First of all, how nice was it to be Joseph? He never had to deal with the 10-month-long conversation of what to name the child! He knew without a doubt at least three months in advance the name the Lord wanted for this child. But more seriously, think of just how important a role Joseph had in the history of salvation. Not only does he make it possible for Mary to bear the Son of God without outward ridicule and possibly being stoned to death, he incarnates the name of Jesus! He brings the most powerful name in all the world into the world! This was not a name before Joseph and because of Joseph, the name which is above every other name came into being and has been causing change in people from that day forward.

Just think about what happens in your heart or in your mind when you hear the name, Jesus. Say the name out loud yourself and you cannot help but me affected by its presence on your tongue and in your ears. Some people may hate the sound of it, others may feel at peace, some may feel fear or shame, some may feel absolute joy, but almost everybody responds to that name! And it was brought into the world by a humble carpenter who simply did what he was asked to do.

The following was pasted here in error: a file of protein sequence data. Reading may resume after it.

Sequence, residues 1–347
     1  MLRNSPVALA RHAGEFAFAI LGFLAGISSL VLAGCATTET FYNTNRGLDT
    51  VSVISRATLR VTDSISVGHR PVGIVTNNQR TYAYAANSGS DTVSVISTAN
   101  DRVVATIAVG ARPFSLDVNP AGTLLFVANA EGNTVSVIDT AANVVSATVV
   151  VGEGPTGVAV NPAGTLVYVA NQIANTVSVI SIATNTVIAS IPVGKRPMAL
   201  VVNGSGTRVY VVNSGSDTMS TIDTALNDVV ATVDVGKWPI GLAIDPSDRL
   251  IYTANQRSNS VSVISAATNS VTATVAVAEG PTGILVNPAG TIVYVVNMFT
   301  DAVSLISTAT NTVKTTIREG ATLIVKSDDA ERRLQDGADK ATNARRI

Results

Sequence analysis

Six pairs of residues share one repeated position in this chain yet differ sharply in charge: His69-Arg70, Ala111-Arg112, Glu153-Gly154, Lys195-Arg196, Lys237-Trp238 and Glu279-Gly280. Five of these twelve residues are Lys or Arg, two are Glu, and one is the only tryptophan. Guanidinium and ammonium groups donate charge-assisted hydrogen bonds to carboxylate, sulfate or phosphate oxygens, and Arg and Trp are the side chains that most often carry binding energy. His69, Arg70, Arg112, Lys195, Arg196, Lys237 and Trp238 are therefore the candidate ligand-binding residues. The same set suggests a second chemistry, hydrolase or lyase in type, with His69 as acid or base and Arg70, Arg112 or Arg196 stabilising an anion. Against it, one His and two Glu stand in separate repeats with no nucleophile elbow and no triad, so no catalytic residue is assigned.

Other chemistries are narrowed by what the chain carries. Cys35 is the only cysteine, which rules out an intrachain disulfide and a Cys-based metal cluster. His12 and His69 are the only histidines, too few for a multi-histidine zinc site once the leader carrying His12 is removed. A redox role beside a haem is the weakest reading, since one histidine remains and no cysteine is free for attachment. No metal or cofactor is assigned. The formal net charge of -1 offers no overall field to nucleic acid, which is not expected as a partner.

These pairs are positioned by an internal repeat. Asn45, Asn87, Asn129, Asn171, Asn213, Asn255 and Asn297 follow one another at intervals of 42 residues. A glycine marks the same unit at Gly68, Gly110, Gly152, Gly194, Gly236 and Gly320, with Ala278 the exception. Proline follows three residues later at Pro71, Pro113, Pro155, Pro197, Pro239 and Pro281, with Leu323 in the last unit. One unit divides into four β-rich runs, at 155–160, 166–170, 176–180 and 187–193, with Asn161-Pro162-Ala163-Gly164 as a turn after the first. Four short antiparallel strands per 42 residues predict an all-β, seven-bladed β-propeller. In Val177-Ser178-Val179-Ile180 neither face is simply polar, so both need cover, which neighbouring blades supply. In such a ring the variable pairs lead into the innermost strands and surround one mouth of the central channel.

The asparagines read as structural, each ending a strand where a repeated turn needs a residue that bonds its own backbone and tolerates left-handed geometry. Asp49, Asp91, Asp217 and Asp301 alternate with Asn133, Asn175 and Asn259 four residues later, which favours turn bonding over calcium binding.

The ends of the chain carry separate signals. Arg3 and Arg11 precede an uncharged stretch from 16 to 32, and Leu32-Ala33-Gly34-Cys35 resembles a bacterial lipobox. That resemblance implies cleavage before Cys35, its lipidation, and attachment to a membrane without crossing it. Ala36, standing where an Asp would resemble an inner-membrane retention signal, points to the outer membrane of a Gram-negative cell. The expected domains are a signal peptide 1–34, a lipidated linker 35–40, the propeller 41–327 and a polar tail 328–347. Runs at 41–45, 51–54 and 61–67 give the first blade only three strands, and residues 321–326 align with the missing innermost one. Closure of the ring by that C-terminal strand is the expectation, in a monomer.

May we all have the courage to live our lives in complete obedience to the will of God and to continue to bring into our homes and our world the name of Jesus.

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Posted by on January 3, 2018 in Children, fatherhood


Patience is a Virtue (that I wish I had)

Below is a post I began writing a couple months ago but until now didn’t get a chance to finish. Reading over the beginning I found that it is as true now (if now more so) as it was then, so I decided to finish it because I need to hear it and it needs to be said.